The Rt. Rev. Steven Charleston is president and dean of Episcopal Divinity School in Cambridge, Massachusetts. Bishop Charleston is a member of the Choctaw Nation, has served as the Episcopal Bishop of Alaska, and as the executive director of the National Committee on Indian Work at the Episcopal Church Center. Over his career, Bishop Charleston has been deeply involved in exploring different models of theological training to meet the needs of a changing church. He is an advocate for theological education that is culturally sensitive and meets the needs and concerns of local faith communities.

Friday, May 12, 2006

From the mouths of babes ... and journalists!

Observations on the current state of ECUSA affairs from Dallas Morning News journalist Jeffrey Weiss:

Horse apples happen
May 12, 2006

When I came onto the religion beat more than 10 years ago, I was hoping for a bit less spin and fewer horse apples than I had to deal with when covering secular politics and stuff. My naive hope was dashed pretty quickly, as I recall. But I’m not so jaded that I can’t still be disappointed.

Here’s the set-up: Last weekend, the Episcopal Diocese of California elected a new bishop.

It says something about the state of that denomination and American culture that the big headline out of the election was something like “Californians elect openly heterosexual male bishop.” But that’s not my point.

A minority of American Episcopalians have been loudly viewing with alarm decisions made by the national body over the past several years. Top of that list of decisions is the ratification at the last General Assembly of the denomination’s first openly gay bishop, the Rev. Gene Robinson of New Hampshire. (Much of the leadership of the Anglican world ain’t happy with that idea, neither.)

It’s just another argument about who is accurately discerning God’s will.

Fast forward to last week. Three of the candidates for the California post were openly gay. The Viewers With Alarm viewed that with, well, alarm. Warning in the weeks before the vote that California’s decision could further rupture the ECUSA and the Anglican Communion.

So the Californians overwhelmingly approve Rev. Mark Andrus. How did the conservative American Anglican Council respond? Would you guess that the group’s statement:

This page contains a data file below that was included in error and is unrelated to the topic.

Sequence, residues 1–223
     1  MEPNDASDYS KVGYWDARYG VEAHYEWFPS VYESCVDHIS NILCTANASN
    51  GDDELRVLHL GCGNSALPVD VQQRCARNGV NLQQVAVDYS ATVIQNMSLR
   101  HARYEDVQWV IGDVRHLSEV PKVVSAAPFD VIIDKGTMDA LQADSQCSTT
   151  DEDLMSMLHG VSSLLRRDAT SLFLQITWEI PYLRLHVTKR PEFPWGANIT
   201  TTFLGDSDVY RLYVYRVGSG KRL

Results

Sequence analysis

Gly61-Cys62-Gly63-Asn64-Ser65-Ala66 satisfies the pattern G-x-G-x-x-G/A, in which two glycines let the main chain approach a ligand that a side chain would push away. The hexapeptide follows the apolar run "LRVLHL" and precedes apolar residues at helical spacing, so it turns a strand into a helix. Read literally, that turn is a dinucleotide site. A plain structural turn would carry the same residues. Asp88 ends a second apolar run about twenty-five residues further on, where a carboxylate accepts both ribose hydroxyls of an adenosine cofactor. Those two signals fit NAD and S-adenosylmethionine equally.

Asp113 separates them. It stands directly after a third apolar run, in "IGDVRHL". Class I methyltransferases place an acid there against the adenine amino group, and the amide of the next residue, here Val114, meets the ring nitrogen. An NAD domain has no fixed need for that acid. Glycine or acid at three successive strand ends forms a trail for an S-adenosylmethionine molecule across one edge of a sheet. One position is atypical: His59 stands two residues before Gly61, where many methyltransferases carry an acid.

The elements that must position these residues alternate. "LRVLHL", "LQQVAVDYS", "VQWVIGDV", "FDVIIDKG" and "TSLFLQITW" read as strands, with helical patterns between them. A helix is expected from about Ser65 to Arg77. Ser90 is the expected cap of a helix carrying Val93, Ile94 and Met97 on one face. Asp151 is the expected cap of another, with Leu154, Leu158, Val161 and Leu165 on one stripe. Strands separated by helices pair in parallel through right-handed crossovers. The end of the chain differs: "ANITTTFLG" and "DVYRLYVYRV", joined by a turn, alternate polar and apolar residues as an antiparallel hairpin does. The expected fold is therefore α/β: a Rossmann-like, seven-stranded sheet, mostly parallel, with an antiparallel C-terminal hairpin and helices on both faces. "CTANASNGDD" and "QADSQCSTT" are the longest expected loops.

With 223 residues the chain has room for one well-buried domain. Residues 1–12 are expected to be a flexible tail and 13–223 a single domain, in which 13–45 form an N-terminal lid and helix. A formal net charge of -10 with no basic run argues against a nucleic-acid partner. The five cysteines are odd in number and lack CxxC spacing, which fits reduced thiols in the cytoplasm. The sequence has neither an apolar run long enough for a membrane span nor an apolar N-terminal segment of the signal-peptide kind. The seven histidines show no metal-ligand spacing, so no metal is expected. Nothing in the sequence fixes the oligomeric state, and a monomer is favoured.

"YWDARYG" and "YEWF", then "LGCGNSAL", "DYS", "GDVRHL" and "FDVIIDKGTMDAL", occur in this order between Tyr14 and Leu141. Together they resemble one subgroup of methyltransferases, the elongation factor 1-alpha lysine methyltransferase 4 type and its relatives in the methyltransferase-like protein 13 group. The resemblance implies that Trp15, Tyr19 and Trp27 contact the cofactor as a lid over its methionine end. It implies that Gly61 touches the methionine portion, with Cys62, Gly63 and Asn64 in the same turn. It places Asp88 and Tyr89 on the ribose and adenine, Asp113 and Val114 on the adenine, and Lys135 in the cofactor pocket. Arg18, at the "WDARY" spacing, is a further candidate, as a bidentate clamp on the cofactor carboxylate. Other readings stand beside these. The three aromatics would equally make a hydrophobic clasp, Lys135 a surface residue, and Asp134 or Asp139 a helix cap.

A) Graciously congratulated the Californians on a wise selection, suggesting it might indicate a way to bring the various factions together.

B) Gloated a bit about how the Californians took the conservatives’ advice and offered some additional pointed suggestions.

C) Condemned the Californians for not being conservative enough and hinted that this election could result in further splintering.

Exactly. Here are some key quotes:

"How will activists respond to the fact that a diocese which has for years been a bastion of amorphous Christianity and aggressive revisionism chose a white, heterosexual, Southern male as bishop? Did the diocese succumb to reported pressure from the national Episcopal Church USA (ECUSA), including Presiding Bishop Frank Griswold, to avoid electing a partnered homosexual? Is such pressure in fact part of a coordinated strategy intended to mislead the Communion?"

"…Moving slowly with caution is not stopping, and ECUSA is practicing a theology contrary to Scripture, Anglican doctrine, and 2,000 years of Christian teaching. The life and practice of ECUSA clearly illustrates its commitment to a new gospel despite claims and protestations to the contrary.”

Sez I: The only thing worse than a bad loser is a bad winner.

I’ll grant that the California election was hardly a slam-dunk for the conservatives. The Rev. Andrus agreed with the consecration of Bishop Robinson. But surely there was way for the AAC to find a hint of graciousness? Whether or not it’s good theology, it’s good manners.

I’m not saying, by the way, that the spin-and-horse-apples phenomenon is linked only to religious conservatives. This was just the example in my e-box this week.

Yr hmbl srvnt,
Jeffrey Weiss

Thursday, May 11, 2006

Go, Canada!

Bishops speak out against Nigerian laws on homosexuality:
Nigerian church called to account for its support of legislation

[From the Anglican Journal]

Niagara Falls, Ont., May 4, 2006 - Canada's Anglican bishops unanimously endorsed a motion expressing "grave concern" about proposed legislation in Nigeria that "would prohibit or severely restrict the freedom of speech, association, expression and assembly of gay and lesbian persons." Their motion also called criticized the (Anglican) Church of Nigeria for its support of the legislation.

The legislation is inconsistent with the United Nations' International Covenant on Civil and Political Rights, the bishops said in their motion, which was passed at their spring meeting held April 22-27. They said they were "especially grieved" by the support for the legislation given by the Church of Nigeria, noting that the 1998 Lambeth Conference of Anglican bishops called upon churches to "listen to the experience of homosexual persons."

The proposed laws, said the bishops, "criminalize civil and religious same-sex marriage as well as the public and private expression of same-sex affection, all public affiliation between gay persons and even publicity, public support and media reporting of the same." The proposals "would make the very act of listening to homosexual persons impossible."

In unusually strong language, the bishops said they "disassociate" themselves from the actions of the Church of Nigeria and called upon Anglicans around the world to listen to and respect the human rights of gay people.

In the "All Schism All The Time" Department